Ward 10 - Spadina-Fort York
Q1: Do you believe that increasing electric micro-mobility use in Toronto will help reduce carbon emissions, help Toronto meet its climate goals, and reduce traffic and car use?
A1: As a 20-year resident in Ward 10 my 11-year-old son and I both own electric scooters to help us navigate around the city of Toronto. We use our scooters to live, work, play, move and prosper in our community. Electric scooters are one of the most environmentally friendly modes of transport. The number of emissions released into the air is decreased when individuals switch from cars to e-scooters. Additionally, it aids in lowering traffic and noise pollution on our roads. If you make reference to my website I am promoting a net-zero city and mobility efficiency and electric scooters are one of the means of transportation that I am promoting.
Q2: Do you support legalizing the use of e-scooters in the City of Toronto based on rules in other major Canadian cities including sensible safety measures?
A2: As your Toronto City Councillor for Ward 10 Spadina Fort York because it lowers car traffic in the city. It keeps our carbon footprint low. It is a means of transportation that is equitable and affordable to buy. But we must have in place some restrictions such as the speed limit for e-scooters perhaps be reduced from 25km/h to 20km/h on roads, and 6km/h in pedestrian areas without cars. The e-scooter riders will be required to follow the same laws for bicycles or obey standard traffic laws, or they have laws specific to them. We must also introduce mandatory helmets as a mandatory for all riders.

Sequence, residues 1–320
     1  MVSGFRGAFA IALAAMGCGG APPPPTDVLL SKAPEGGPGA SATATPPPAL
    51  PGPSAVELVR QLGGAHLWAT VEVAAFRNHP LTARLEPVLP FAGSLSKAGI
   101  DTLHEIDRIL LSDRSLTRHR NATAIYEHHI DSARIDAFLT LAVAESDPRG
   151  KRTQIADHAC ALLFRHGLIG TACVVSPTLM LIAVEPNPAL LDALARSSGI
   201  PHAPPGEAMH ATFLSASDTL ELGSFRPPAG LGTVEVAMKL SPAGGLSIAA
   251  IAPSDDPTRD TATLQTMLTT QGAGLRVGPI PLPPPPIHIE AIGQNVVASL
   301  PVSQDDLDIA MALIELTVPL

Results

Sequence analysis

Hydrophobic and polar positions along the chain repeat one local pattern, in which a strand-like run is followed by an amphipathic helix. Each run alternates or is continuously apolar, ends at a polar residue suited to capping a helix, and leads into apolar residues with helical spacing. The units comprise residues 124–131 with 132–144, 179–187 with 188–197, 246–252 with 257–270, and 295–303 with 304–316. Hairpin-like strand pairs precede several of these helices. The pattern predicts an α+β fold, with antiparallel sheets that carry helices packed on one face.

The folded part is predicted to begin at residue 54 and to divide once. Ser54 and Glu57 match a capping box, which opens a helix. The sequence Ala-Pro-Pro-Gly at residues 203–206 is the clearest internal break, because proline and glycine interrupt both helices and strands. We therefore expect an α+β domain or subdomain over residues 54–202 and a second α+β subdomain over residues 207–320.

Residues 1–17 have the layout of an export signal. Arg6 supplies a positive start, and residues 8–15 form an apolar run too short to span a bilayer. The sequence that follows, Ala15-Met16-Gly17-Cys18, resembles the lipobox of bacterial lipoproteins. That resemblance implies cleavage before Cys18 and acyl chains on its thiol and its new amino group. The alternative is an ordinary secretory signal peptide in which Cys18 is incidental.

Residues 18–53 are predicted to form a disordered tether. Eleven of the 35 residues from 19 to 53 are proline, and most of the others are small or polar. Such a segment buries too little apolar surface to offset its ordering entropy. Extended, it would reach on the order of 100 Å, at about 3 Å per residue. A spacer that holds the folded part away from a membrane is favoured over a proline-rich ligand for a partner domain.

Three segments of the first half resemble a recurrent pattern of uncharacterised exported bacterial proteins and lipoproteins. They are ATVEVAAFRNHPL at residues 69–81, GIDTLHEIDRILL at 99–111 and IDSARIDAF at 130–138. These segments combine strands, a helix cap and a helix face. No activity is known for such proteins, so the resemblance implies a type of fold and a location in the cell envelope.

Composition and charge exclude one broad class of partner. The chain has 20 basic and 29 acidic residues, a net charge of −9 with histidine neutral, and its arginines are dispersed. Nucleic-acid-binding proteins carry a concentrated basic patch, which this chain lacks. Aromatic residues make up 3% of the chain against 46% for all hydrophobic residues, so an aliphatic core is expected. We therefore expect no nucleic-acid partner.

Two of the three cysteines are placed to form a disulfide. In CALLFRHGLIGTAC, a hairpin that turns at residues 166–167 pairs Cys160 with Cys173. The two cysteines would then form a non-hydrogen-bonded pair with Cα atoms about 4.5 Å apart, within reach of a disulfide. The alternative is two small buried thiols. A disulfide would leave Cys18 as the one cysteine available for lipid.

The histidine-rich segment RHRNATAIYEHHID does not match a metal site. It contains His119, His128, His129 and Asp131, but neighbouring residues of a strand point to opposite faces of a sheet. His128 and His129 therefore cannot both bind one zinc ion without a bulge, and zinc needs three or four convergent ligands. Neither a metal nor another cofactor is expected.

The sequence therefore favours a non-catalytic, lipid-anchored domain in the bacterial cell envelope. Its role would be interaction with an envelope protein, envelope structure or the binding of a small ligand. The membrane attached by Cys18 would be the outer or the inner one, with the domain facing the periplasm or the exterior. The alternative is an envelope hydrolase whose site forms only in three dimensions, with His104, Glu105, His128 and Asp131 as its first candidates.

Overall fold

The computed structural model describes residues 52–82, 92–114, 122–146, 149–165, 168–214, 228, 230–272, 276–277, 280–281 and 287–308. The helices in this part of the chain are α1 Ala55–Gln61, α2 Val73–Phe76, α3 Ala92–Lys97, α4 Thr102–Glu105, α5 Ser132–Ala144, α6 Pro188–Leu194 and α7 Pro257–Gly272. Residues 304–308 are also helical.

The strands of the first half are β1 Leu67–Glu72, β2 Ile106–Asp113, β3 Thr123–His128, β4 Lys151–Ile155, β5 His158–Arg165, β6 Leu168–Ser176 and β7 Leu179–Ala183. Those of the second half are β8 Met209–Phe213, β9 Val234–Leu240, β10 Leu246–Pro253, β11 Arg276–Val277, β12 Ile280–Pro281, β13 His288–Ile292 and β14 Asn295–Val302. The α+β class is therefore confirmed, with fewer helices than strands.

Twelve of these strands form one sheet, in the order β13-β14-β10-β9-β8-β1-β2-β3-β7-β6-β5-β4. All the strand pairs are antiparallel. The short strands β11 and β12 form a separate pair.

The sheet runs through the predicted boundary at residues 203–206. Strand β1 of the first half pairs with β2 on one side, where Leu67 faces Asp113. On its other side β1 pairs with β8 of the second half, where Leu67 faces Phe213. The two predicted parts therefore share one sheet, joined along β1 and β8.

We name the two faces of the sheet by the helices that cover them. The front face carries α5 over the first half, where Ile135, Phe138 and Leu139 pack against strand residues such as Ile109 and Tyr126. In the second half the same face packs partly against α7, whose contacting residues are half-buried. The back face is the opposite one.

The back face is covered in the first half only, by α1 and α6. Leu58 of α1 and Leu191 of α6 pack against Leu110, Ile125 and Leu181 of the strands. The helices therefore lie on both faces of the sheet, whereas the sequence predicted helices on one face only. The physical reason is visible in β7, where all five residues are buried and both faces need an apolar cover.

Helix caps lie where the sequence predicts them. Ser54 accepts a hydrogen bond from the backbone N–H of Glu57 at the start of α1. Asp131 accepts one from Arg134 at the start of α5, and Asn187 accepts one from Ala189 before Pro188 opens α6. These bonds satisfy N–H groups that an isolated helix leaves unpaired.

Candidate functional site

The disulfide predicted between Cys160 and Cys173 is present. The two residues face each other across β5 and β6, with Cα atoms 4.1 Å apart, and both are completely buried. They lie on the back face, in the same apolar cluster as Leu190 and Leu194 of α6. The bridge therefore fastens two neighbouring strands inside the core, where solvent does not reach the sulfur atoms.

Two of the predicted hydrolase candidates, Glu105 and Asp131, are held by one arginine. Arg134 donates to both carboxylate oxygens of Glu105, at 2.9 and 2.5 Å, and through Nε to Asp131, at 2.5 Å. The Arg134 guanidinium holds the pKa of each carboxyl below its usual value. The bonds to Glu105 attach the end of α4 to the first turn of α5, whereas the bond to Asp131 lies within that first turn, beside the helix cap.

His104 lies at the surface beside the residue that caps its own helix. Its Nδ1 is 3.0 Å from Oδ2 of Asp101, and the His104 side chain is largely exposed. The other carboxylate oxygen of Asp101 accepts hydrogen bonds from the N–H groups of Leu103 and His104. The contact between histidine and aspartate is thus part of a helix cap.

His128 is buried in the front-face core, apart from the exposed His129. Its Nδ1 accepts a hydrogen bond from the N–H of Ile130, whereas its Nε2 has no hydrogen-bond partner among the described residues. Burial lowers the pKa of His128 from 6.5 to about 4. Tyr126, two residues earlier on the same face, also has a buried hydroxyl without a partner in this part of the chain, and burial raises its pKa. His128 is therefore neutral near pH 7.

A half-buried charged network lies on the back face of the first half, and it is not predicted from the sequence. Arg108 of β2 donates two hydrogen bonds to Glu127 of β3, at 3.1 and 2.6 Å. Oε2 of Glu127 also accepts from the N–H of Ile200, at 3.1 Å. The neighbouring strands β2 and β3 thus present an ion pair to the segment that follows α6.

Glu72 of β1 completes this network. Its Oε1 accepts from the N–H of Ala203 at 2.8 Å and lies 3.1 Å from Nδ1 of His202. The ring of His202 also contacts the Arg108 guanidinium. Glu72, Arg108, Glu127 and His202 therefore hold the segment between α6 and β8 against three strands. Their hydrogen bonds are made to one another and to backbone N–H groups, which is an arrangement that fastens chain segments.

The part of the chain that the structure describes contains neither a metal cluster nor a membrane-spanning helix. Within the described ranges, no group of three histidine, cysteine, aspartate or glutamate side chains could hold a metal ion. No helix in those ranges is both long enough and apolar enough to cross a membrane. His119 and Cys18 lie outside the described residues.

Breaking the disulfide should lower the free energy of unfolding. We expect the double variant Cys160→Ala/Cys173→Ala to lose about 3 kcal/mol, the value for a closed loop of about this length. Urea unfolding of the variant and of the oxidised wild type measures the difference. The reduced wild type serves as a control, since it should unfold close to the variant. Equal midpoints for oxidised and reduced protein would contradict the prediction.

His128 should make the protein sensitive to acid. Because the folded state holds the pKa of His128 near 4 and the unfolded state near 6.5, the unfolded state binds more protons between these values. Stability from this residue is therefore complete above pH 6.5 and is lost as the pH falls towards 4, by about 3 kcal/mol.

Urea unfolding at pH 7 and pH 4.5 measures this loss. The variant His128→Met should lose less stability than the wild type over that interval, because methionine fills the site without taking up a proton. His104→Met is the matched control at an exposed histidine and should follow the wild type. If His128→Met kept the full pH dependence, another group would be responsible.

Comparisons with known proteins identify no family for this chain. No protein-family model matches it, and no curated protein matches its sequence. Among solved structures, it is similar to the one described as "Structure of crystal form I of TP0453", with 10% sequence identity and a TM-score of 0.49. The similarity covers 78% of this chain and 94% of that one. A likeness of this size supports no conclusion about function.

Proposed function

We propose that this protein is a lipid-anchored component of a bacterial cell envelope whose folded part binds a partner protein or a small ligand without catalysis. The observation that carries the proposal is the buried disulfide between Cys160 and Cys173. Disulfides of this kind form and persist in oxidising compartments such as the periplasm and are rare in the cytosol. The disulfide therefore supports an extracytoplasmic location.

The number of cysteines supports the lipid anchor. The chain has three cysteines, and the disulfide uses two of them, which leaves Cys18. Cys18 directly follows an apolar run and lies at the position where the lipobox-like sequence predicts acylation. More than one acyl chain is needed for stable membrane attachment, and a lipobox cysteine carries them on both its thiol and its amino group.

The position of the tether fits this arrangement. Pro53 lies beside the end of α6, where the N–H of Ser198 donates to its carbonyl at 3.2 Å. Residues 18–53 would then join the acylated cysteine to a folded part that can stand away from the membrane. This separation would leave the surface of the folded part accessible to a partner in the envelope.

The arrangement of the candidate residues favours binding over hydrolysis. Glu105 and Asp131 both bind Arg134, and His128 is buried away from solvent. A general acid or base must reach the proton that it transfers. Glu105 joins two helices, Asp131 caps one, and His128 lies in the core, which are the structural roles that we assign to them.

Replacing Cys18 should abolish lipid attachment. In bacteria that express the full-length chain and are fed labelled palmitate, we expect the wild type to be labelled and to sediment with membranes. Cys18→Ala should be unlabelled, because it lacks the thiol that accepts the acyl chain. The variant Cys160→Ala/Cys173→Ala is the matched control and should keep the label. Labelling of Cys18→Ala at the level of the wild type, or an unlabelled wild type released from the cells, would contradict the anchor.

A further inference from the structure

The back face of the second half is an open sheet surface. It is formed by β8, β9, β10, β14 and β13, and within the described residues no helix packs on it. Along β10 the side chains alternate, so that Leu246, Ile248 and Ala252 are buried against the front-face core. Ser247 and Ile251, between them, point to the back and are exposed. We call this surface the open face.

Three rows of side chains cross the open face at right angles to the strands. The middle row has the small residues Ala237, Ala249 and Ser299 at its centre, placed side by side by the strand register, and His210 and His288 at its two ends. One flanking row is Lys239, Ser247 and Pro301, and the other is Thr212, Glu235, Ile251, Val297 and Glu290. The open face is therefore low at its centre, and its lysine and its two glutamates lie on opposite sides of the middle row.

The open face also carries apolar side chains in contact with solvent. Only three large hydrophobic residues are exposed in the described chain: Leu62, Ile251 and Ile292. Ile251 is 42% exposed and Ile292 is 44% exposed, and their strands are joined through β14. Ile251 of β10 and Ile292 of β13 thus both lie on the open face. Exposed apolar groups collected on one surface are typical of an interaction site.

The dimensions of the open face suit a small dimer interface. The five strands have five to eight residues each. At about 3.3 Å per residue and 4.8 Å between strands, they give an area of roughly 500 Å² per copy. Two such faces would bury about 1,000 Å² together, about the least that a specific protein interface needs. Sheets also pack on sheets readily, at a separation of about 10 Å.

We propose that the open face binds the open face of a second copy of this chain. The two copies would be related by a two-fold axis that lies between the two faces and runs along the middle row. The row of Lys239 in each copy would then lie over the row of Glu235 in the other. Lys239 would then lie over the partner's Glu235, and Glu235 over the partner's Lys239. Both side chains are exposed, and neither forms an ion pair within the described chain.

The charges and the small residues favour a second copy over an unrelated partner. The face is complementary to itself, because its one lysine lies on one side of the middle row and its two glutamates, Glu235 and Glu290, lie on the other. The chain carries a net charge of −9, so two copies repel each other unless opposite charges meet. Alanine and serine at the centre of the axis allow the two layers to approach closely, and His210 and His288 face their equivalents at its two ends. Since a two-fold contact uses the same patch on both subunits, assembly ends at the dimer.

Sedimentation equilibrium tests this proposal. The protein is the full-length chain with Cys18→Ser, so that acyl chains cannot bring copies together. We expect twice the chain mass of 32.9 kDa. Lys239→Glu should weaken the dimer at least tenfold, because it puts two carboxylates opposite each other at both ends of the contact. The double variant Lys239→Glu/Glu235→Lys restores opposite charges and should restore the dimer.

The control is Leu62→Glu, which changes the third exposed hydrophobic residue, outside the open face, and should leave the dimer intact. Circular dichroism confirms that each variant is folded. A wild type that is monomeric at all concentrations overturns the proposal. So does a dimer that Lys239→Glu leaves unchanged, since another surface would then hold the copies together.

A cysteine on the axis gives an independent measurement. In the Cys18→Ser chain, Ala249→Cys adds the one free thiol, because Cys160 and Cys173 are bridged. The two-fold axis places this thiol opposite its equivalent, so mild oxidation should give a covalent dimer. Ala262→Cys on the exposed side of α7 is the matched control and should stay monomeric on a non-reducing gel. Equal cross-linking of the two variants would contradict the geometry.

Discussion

Q3: Shared and rental e-scooters include many additional safety features including speed limiters and GPS locking to prevent riding in forbidden areas. These services have been very successful in other Canadian cities and in Europe. Do you support allowing shared and rental e-scooter services in the City of Toronto?
A3. The City of Toronto could financially benefit from tendering or managing the use of shared or rental of scooters in our city. The city could consider awarding ¾ companies that are locally based businesses from the City of Toronto because we must support our own local businesses to tender for a license to operate and supply scooters to the city. If we tender out a license then the city would collect 30% of the profit and re-invest that money back to roads, sidewalk repairs, city programs, the environment and the rest goes to the company. But the operators would have to place local teams to coordinate, do maintenance with the scooters. But it certainly is something to discuss at Toronto City Council.
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